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I've watched some of the lockwiring videos and if I understood it right then there are two most widely used ways of ensuring that a bolted joint does not get loose:

  1. Lockwire
  2. Self-locking nuts

Difficulties and costs of maintaining the lock-wiring are obvious. My intuition says it only has to be used as a last resort when no other way is available. Nevertheless any aviation junk yard says my intuition is wrong. Lock-wires are everywhere in the old gas turbine engines. My question is:

Do they now use other methods of bolted joints` safety in gas turbine engines (jam nuts and locking washers in particular)?

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    $\begingroup$ Are you asking exclusively about turbine engines, or about aircraft in general? Also, are you asking about new designs, or about latest maintenance practice on equipment of any vintage? $\endgroup$ – J Walters Nov 25 '16 at 15:59
  • $\begingroup$ @JonathanWalters My curiosity is not limited :) The more information on the topic i.e. "bolted joint safety in aviation" the better. Not historical information but the current trends, achievements and standards. $\endgroup$ – Zverev Evgeniy Dec 5 '16 at 10:14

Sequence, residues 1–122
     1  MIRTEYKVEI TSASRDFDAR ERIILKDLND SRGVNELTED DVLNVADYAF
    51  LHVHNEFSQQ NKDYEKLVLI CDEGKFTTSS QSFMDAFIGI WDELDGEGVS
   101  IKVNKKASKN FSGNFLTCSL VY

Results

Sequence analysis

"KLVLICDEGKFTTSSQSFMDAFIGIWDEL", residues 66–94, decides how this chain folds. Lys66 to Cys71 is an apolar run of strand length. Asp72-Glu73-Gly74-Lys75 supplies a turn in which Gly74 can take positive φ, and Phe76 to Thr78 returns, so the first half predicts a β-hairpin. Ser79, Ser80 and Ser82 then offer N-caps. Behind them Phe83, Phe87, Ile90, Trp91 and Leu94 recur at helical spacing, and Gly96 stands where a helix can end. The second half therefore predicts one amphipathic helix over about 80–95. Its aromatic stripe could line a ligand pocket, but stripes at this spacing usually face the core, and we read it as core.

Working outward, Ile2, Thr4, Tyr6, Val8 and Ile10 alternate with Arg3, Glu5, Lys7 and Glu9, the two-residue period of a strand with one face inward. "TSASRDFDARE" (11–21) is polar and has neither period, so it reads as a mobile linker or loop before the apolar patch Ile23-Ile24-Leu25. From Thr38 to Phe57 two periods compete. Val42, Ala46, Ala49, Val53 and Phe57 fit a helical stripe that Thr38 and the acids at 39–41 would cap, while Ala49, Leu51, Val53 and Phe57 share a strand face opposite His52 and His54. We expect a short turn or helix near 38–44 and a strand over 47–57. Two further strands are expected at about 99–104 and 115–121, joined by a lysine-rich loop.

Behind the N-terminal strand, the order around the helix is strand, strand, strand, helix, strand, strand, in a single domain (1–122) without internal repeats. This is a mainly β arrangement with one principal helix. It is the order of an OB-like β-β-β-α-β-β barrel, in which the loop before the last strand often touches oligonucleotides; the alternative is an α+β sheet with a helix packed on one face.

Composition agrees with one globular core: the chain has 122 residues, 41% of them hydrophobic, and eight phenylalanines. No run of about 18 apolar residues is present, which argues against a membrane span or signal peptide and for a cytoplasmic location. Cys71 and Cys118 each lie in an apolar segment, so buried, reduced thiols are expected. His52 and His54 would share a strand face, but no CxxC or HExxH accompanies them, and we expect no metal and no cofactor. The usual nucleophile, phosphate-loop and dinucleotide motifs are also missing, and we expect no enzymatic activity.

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Difficulties and costs of maintaining the lock-wiring are obvious. My intuition says it only has to be used as a last resort when no other way is available. Nevertheless any aviation junk yard says my intuition is wrong. Lock-wires are everywhere in the old gas turbine engines. My question is:

Do they now use other methods of bolted joints` safety in gas turbine engines (jam nuts and locking washers in particular)?

Well, maintaining safety lockwire isn't as hard as you think it is: A pair of safety wire pliers will last you a lifetime, and they do about 80% of the work for you (all the maintenance monkey needs to do is cut an appropriate length of wire, hook up the pliers, and twist, making sure the wire is positioned so as to always tighten the fastener).